Lets talk about the good stuff. I do think some of Slott’s dialogue is funny, but it is Ryan Stegman, Joe Sabino, Joe Carmagna, and Brian Reber that carry the team here. The Joes do an excellent job of fitting wordy dialogue into panels, but it is Stegman’s stellar page layouts that tell a strong visual narrative out of crowded space. A nice detail in the letters is when Venom recoils from Flash in pain, its dialogue is white in response to the Anti-Venom. Stegman also includes tons of little moments to bring his world to life, like the way Spider-Man is reflected in the mirrors of Bobbi Morse’s house. His cityscape backdrops are insane with detail and Brian Reber does a great job of capturing the feel of the ‘City That Never Sleeps’. Reber does an excellent job with playing with different types of lighting from industrial lighting to natural light sources like fire.
Stegman’s symbiotes take a note from Iban Coello’s VenomVerse issues, with strong rigid forms but fluid movements and tendrils. His minimization of features is strong and his characters (both masked and unmasked) have strong emotive features. When the Venom symbiote pulls back to reveal faces, its jaw hangs loosely around facial features in a unique way. Most importantly, Stegman makes Venom’s pain ooze off the page, which does a ton to endear the reader to a murderous alien. When it comes to the central four characters (Peter, Flash, Venom, and Eddie) Stegman’s artwork is on fire.
Unfortunately, the Inklings are some of the most uninspired symbiote designs I have seen in a Marvel comic. And Mac Gargan’s return to form, while decent looking, makes no sense whatsoever. There is also a lot of dull colour palette choices, which hurts the scenes that rely on coloured backdrops rather than detailed backgrounds. Stegman’s female characters are also weak, although I felt his Betty Brant looked better than Felicia Hardy; poor Cat, just getting screwed in this issue.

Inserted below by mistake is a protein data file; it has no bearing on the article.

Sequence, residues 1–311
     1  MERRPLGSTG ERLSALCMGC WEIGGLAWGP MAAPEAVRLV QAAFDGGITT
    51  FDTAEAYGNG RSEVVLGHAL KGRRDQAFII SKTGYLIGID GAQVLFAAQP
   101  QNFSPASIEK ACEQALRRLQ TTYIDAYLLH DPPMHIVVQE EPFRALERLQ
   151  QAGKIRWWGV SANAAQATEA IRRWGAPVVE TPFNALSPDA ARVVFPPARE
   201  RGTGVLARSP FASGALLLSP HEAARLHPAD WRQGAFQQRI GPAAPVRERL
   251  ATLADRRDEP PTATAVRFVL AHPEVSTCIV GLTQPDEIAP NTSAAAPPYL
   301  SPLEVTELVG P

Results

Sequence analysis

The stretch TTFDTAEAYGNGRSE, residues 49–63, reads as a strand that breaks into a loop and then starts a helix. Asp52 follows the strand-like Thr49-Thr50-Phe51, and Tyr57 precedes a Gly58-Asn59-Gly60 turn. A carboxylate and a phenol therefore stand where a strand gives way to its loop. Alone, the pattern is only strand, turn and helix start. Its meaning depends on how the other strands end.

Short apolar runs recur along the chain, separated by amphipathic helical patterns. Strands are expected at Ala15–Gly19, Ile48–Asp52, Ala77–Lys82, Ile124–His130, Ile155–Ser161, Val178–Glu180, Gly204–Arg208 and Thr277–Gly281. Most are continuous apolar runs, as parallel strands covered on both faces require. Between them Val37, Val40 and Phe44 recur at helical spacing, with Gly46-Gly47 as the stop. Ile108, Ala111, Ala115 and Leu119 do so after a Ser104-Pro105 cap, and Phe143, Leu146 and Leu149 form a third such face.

Verdict: When I first read this issue, I was ready to give it a high level B grade; I was riding high off having Agent Venom back and the issue made me chuckle more than your average Dan Slott issue. But I sat on it and the longer I sat on it, the more I started to hate this comic. It butchers Peter Parker and Felicia Hardy and I never thought I would say this but… I miss the minor nuance that Costa gives Eddie Brock. Ryan Stegman and the artistic team do amazing things with page space, but there is no element of the art that makes up for the shortcomings of the writing. This is not an awful issue, it’s just run of the mill with some awful aspects. I really cannot recommend this to anyone, except fans of Slott’s Amazing Spider-Man run.
- Flash Thompson
- Page layouts
- City backdrops
- Lazy enemy design
- Weak color palette